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MELISSA BLOCK, HOST:

From NPR News, this is ALL THINGS CONSIDERED. I'm Melissa Block.

AUDIE CORNISH, HOST:

And I'm Audie Cornish.

To set up this next story, we have a little sound from some surveillance footage. This is audio of farmers allegedly involved in an elaborate illegal scheme in the Central Valley of California. An investigator narrates over grainy video of the scene.

(SOUNDBITE OF VIDEO SURVEILLANCE)

UNIDENTIFIED MAN #1: This will indicate that they arrived with this vehicle yesterday afternoon.

CORNISH: The farmer is caught in the act of hauling what might be illegal contraband.

(SOUNDBITE OF VIDEO SURVEILLANCE)

UNIDENTIFIED MAN #1: California Transportation License...

CORNISH: The investigator records the license number. And in the video, the camera zooms in. The contraband is raisins, raisins in boxes about to be sold. That is the crime. These are ordinary California raisins, and what these farmers are doing in almost any other industry would be perfectly legal. But as NPR's Planet Money reporter Zoe Chace found, raisins are very different.

ZOE CHACE, BYLINE: In most industries, competitors getting together to form syndicates or cartels, to collude about holding supply off the market, that's illegal. In the raisin world, it's the opposite. Competitors working together is the law enforced by the government. The number of raisins out there and how much they cost, it is not simply a question of supply and demand. It's also the result of decisions made in this one room, specifically a second-floor conference room in a nondescript red building in Fresno, California.

UNIDENTIFIED MAN #2: All those in favor say aye.

UNIDENTIFIED GROUP: Aye.

UNIDENTIFIED MAN #2: Opposed. Motion carries. Thank you, Bob.

CHACE: This is the Raisin Administrative Committee, made up of raisin growers and raisin packers. And one of the things they decide in this room is how many raisins to release to the public and how many to hold off the market in a decision called diversion.

UNIDENTIFIED MAN #3: The recommendation that a diversion program not be...

CHACE: Some years these farmers decide to divert a portion of the raisin crop into a raisin reserve, lowering the supply of raisins out there and making the price higher than it probably would be otherwise. Once the Raisin Administrative Committee takes this vote and decides to keep some raisins off the market for the year, then that is it, that is the law of the land. If any farmer tries to sell 100 percent of his raisins, that's against the rules, against the law.

One farmer did that a decade ago, and he's still paying for it.

MARVIN HORNE: They said your money or your raisins, and we don't have the raisins, we already sold the raisins. So now they want the money, with penalties and fines, somewhere around a million and a half.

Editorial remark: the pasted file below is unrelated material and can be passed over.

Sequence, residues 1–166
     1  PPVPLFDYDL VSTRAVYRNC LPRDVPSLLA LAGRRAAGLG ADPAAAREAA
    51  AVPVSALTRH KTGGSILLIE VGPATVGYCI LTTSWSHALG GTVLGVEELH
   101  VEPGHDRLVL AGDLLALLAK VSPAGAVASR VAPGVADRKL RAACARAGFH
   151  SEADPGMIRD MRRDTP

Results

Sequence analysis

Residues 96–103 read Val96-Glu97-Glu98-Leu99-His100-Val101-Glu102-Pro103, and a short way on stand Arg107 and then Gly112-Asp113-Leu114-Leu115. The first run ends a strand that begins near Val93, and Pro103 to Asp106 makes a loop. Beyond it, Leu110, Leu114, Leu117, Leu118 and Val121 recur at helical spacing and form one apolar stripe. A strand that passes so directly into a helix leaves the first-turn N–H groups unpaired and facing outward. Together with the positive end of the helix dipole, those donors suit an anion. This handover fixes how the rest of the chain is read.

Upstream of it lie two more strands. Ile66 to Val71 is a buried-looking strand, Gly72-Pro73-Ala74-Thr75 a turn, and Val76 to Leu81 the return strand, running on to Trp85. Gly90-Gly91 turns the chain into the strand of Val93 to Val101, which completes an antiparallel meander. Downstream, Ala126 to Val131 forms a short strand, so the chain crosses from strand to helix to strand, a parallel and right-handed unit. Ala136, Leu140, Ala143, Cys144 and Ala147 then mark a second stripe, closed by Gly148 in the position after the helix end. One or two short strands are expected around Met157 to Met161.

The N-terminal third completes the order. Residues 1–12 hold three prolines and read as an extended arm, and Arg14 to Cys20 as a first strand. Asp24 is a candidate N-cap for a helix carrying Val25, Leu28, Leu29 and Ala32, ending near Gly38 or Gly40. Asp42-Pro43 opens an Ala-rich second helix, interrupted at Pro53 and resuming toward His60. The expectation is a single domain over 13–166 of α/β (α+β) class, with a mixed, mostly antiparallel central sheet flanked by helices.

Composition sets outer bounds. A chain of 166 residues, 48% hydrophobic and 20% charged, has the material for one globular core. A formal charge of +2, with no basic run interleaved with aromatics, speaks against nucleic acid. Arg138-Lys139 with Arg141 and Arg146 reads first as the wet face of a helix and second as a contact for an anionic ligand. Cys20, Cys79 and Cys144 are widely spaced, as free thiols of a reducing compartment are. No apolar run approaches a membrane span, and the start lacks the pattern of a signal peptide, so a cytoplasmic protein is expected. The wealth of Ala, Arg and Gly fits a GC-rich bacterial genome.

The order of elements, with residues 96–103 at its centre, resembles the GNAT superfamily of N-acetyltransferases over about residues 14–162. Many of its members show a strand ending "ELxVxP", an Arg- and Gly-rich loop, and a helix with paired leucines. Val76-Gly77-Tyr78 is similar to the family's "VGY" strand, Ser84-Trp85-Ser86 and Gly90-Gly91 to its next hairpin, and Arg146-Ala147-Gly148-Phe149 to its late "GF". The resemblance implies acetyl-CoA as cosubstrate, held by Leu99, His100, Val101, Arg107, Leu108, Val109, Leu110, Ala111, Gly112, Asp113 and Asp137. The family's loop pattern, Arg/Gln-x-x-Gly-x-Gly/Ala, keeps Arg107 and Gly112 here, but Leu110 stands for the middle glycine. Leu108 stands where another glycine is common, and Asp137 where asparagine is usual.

CHACE: Meet Marvin Horne, the raisin rebel, the raisin outlaw. He farms raisins on a vineyard just 20 minutes away from Fresno. Here's the story. About 10 years ago, the Raisin Administrative Committee voted on a particularly big diversion. Instead of letting the farmers sell all their raisins, they decided to divert some of them into the raisin reserve, actually a lot of their raisins, almost half.

HORNE: Forty-seven percent. A lot of us, we all jumped up and yelled and said no, that's crazy. What's the matter with you guys? And it was no avail, and that's when I came home, and I talked with my wife, and we said no.

CHACE: Marvin and Laura Horne, husband and wife raisin-farming team. They knew if they didn't hand over the raisins, they might be breaking the law. They weren't sure, though. They got a hold of the actual legislation and started researching. It's called Marketing Order 989. It goes back to the Great Depression and exempts raisin growers from certain anti-trust provisions.

LAURA HORNE: We sat many nights reading through it, and I'd read it, and he'd read it, and then we'd discuss it between us. I would have maybe a different point on some things than he would, and then we'd work it out to what we thought it meant.

CHACE: The Hornes say they found a loophole in the law. So they decided to sell all their raisins. The Raisin Administrative Committee did not agree with the Hornes' legal interpretation. They say we have the right to manage our supply of raisins, and we should. There are years when there are too many raisins. If they all got released onto the market, the price could plunge, farmers might go out of business.

So the committee hired a private investigator to case out the Hornes' operation. He's the one who made the surveillance tapes you heard in the beginning. Things got a little contentious. On one of the tapes, you see Laura Horne's mom in shorts and sandals marching up to one of the surveillance agents.

(SOUNDBITE OF VIDEO SURVEILLANCE)

UNIDENTIFIED MAN: Hello.

UNIDENTIFIED WOMAN: What the hell are you here for?

UNIDENTIFIED MAN: I don't think it's any of your business, ma'am.

UNIDENTIFIED WOMAN: Well, I think it is because that's my property there, and I'd like to know why you're filming it.

UNIDENTIFIED MAN: I can film anything I want...

CHACE: What happens next is proof of how upside down the world of raisins is. For not agreeing to participate in what in many other industries would be collusion, the government sued the Hornes for hundreds of thousands of dollars in raisins and late fees. The government won that case, so the Hornes took their case to another court. They lost again, they appealed, case went all the way to the Supreme Court.

The Hornes were encouraged at that point by Justice Kagan, who was widely quoted as saying: This just might be the world's most outdated law on the books. The Supreme Court refused to rule this year, kicked it down to a lower court, where ruling is expected in a few months. Zoe Chace, NPR News.

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